DSLRs have a direct, optical path through the lens. (Well, a reflected direct path.) You are seeing the scene with your eyes. Mirrorless cameras with a viewfinder actually use a small LCD screen — we call this an electronic viewfinder, or "EVF". You are seeing the image read from the sensor processed for viewing, not the scene itself. Both approaches have ...


6

I know how the focus points are painted on the mirror.. Not really, because I've never seen focus points or anything else (intentionally) painted on a reflex mirror. It would be out of focus. Technically, those that do it the way you think you are describing etch them onto the focusing screen, which is located in the roof of the mirror box. But other ...


5

Without having more information on how exactly you took your image, and without the possibility to reproduce this effect, one can only guess. I see three possible causes for a sun reflection that is visible in the view finder, but does not appear in the image that is taken by the image sensor: Automatic aperture control Possibly you took your picture with ...


5

I believe there is a misconception here. Doing a manual white balance, will not preserve the look of the lighting, it will try to neutralize the light and thus the rendition of color. How white balance works If you have a room with warm (incandescent) light, the light has a very yellow/orangish tone to it. Any object that is reflecting the light will ...


4

The simplest camera you can have, something you can easily build at home, is just a cardboard box with a pinhole. You'll get a focused image right on the film (albeit inverted). This also works with human eyes - if you're near-sighted and don't have your glasses, you can get a perfectly focused image just by forming your fist in front of your eye to let just ...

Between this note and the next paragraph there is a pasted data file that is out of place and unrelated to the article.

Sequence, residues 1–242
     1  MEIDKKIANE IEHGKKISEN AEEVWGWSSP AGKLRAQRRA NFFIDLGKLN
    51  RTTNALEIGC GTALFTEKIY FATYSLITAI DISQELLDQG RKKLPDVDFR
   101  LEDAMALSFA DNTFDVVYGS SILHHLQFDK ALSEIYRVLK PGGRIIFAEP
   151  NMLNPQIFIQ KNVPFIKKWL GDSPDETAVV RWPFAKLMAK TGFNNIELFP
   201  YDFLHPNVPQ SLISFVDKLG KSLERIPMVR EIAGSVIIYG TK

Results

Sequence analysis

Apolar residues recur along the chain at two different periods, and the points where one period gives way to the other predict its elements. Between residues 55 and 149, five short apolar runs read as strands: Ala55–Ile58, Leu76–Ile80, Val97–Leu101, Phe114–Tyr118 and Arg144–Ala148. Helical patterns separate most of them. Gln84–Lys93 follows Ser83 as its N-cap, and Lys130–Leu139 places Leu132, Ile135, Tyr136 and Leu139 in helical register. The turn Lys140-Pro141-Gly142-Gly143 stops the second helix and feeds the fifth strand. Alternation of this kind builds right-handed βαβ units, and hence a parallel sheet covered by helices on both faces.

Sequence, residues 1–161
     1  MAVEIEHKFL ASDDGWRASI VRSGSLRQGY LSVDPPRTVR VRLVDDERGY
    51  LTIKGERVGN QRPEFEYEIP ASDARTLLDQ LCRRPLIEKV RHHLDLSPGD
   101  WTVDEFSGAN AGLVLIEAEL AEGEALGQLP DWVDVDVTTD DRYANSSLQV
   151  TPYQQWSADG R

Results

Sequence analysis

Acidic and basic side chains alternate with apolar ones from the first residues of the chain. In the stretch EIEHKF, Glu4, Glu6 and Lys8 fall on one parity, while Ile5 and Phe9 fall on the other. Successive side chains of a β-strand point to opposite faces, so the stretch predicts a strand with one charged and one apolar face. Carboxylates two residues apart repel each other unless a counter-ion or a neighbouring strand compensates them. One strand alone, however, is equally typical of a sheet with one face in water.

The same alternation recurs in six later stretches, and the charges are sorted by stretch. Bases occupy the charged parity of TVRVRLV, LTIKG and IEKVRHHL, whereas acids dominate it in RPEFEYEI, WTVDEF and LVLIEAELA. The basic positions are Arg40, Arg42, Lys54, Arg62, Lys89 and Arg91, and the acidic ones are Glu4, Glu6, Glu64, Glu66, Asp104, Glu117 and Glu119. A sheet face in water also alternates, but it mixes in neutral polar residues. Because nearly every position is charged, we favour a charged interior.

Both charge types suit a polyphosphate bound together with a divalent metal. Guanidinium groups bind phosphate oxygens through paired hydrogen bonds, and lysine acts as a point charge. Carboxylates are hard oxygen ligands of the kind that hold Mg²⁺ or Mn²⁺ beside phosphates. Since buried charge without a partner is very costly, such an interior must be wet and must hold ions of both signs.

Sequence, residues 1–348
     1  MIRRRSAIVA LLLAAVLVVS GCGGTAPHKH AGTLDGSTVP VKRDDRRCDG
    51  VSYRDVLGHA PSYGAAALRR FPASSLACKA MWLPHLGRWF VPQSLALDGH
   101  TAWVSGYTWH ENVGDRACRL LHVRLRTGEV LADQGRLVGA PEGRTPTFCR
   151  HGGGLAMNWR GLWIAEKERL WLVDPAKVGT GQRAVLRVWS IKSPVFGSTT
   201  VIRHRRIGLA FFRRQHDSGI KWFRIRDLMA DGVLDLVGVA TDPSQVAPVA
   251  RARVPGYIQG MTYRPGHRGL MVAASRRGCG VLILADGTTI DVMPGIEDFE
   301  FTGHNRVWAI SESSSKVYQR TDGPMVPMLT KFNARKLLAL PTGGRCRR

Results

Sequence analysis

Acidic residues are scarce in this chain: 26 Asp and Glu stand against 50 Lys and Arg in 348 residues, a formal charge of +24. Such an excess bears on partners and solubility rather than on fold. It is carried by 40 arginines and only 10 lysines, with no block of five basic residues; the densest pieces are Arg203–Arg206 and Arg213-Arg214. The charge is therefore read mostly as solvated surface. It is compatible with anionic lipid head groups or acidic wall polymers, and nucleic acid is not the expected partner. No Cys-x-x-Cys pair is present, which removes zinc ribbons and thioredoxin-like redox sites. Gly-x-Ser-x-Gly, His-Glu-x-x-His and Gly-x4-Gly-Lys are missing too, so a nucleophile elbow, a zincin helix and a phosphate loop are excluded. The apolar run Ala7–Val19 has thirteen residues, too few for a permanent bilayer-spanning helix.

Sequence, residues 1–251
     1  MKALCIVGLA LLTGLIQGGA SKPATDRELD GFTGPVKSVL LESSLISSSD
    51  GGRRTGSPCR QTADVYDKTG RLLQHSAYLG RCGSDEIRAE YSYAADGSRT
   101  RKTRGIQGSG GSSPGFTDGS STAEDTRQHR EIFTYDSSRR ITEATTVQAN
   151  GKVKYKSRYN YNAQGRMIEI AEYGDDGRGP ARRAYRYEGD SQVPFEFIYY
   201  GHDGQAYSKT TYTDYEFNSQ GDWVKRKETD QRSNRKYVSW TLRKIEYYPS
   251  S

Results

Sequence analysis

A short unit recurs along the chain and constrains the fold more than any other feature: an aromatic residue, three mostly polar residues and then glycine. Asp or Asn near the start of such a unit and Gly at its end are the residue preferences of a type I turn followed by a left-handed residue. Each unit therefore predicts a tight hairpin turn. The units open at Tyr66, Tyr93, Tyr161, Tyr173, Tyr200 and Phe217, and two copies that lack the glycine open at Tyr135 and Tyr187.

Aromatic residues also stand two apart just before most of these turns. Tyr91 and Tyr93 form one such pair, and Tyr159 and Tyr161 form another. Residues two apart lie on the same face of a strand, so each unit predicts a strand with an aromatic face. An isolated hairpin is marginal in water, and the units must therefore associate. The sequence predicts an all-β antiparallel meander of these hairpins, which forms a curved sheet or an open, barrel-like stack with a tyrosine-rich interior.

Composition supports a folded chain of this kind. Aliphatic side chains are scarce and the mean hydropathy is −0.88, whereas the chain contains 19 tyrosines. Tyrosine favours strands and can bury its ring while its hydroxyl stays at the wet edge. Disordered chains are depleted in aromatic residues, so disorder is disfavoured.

4

An optical viewfinder can never have any lag, since it's optical it operates at the speed of light. On the other hand with an optical viewfinder you will not see exactly what you will get in you image file. Exposure, white balance, color and image crop (3:2, 1:1, ...) settings are not visible in the optical viewfinder, but can be visible in the electronic ...


4

"95% accurate" - there isn't such an optical viewfinder. IOW there isn't an optical viewfinder which will give you guaranteed the final result with at least 95% accuracy. Most probably you mean 95% coverage - this means that you see through your viewfinder only 95% from your photo area. So, it is nothing related to the bokeh. Speaking simply, as we all (...


3

The light entering the camera from the viewfinder will only affect metering when the mirror is down. When the sensor is exposed, either to take a picture or to enable Live View, the mirror will be up and will block pretty much any light entering the viewfinder from reaching the imaging sensor. This is true of just about any DSLR with a reflex mirror whether ...


3

As with any lens on a dSLR, the viewfinder and liveview will show you any lens effects. The lightpath into the camera travels through the lens first before it is reflected by the mirror up into the viewfinder, or (in liveview as the mirror is locked up) before it hits the sensor to be turned into image signals that are sent to the LCD. So however the lens ...


3